Gothic Recommendations from Shannon Morgan

by Shannon Morgan

We Have Always Lived in the Castle by Shirley Jackson

A darkly chilling story that follows the Blackwood sisters trying to regain their lives after half their family was poisoned some years before. Deeply psychological, the story’s progression is unsettling and makes for a delightfully uneasy and disturbing read. Shirley Jackson never failed to deliver, and though the book is over sixty years old, it is still one of the best in the Gothic tradition.

The Last House on Needless Street by Catriona Ward

I was blown away by Catriona Ward’s The Last House on Needless Street and read it in a single sitting. Last House is a gorgeously Gothic book, heart-breaking, raw and disturbing. It follows a lonely man, a cat and a young girl living together in a dilapidated house on the end of an ordinary street on the edge of a wood. The three are bound together by a terrible secret, equally haunted by a dreadful unsolved tragedy from many years before. I can’t recommend this book enough, in fact all of Ward’s books are disturbing and brilliant, and she is now one of my top authors. I’m very impatient for her next release.

The Night Begins by Abigail F. Taylor

The Night Begins is an excellent short read from a debut author, Abigail Taylor. Chilling, spooky, unsettling. It follows the story of Darcy and her mother, their uncomfortable relationship that has soured since Darcy’s father’s death and a truly dreadful family secret. Delving into the folklore of rural Texas, the prose is beautiful and offers the best of folk horror: thrills and chills, a bit of gore, and a deeply unsettling ending. Highly recommended!

The Twisted Ones by T. Kingfisher

I love all of T Kingfisher’s books, her characters are enchanting with a depth that always astounds and delights, and her humour is sly, but The Twisted Ones was truly disturbing.  A young woman called Mouse has the unlucky job of clearing out her dead grandmother’s house who was a dreadful hoarder, but something is living in the woods, a creeping menace. Definitely not to be read at night if you want to sleep. A fabulous Gothic/folk horror.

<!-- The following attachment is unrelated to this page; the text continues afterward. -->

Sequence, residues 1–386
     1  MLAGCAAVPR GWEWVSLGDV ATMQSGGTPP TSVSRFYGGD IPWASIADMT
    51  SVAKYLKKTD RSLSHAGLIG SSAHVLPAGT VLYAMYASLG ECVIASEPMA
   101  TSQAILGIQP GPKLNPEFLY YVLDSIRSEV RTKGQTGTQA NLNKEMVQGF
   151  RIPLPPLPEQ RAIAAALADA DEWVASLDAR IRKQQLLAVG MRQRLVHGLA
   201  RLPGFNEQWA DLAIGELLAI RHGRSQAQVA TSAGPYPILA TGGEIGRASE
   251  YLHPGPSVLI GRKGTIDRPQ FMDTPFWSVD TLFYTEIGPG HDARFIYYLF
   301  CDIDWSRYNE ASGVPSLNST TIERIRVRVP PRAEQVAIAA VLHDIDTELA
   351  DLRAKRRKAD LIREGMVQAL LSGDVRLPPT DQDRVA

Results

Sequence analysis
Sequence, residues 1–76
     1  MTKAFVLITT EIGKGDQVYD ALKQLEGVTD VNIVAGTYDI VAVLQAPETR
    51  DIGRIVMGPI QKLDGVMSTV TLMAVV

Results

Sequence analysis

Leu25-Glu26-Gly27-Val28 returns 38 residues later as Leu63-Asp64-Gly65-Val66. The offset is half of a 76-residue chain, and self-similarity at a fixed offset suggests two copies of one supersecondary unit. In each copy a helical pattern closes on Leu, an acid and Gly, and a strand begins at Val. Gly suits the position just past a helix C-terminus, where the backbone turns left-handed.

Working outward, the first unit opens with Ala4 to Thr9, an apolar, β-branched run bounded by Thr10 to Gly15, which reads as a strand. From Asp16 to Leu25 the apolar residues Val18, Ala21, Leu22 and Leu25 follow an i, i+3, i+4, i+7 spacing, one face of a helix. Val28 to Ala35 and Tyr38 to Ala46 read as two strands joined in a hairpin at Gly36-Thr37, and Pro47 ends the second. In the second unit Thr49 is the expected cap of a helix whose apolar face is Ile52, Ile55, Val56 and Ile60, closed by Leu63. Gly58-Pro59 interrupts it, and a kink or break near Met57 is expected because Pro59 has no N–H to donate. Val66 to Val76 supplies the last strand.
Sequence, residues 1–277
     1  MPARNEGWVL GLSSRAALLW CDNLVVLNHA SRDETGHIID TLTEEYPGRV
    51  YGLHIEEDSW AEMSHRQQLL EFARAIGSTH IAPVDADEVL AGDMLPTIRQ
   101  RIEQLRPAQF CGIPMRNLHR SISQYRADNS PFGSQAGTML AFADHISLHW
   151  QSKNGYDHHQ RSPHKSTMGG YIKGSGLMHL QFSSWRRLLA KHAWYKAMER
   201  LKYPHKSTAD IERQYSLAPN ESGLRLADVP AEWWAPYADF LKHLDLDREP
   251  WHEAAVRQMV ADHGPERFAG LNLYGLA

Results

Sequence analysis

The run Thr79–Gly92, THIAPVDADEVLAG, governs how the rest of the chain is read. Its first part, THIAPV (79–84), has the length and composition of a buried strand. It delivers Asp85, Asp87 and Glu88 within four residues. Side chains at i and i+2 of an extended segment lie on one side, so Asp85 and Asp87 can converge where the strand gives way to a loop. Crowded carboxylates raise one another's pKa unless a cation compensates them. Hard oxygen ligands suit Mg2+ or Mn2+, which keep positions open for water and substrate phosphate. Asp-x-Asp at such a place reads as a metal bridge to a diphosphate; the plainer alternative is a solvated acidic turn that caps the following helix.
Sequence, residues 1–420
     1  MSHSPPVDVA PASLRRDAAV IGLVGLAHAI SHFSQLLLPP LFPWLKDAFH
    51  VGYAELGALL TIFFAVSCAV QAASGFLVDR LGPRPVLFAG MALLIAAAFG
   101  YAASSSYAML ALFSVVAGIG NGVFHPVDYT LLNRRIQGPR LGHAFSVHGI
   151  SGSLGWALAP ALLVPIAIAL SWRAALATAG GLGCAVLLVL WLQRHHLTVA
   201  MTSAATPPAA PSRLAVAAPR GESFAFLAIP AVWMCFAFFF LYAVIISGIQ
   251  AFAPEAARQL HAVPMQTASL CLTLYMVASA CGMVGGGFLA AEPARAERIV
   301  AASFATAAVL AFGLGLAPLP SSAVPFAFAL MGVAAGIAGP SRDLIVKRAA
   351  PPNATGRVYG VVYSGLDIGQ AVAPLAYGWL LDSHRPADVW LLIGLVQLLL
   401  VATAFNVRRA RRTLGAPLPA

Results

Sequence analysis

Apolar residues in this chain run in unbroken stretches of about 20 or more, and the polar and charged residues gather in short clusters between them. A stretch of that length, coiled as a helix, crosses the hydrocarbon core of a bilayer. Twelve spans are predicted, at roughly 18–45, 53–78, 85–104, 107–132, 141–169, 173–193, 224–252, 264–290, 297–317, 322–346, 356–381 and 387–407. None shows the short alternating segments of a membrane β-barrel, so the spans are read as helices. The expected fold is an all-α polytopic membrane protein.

The Whispering Dark by Kelly Andrew

This cover snagged my interest, and Kelly Andrew’s story did not disappoint. A young, deaf girl Delaney Meyers-Petrov has to navigate academia after winning a scholarship at a prestigious university where students have the ability to move between parallel worlds, an ability gained only by those who’ve had near-death experiences. I’m not usually a lover of romance, but Delaney’s relationship with Colton Price is so well done, I didn’t notice that I don’t like romance. A beautifully written, dark and heart-breaking story. I shall be keeping an eye out for Andrew’s new book.

Francine Thwaite has lived all her fifty-five years in her family’s ancestral home, a rambling Elizabethan manor in England’s Lake District. No other living soul resides there, but Francine isn’t alone. There are ghosts in Thwaite Manor, harmless and familiar. Most beloved is Bree, the mischievous ghost girl who has been Francine’s companion since childhood.

When Francine’s estranged sister, Madeleine, returns to the manor after years away, she brings with her a story that threatens everything Francine has always believed. It is a tale of cruelty and desperation, of terror and unbearable heartache. And as Francine learns more about the darkness in her family’s past—and the role she may have played in it—she realizes that confronting the truth may mean losing what she holds most dear.

As moving and poignant as it is chilling, Her Little Flowers is a story of grief and enduring love—and of the haunting regrets only forgiveness can dispel.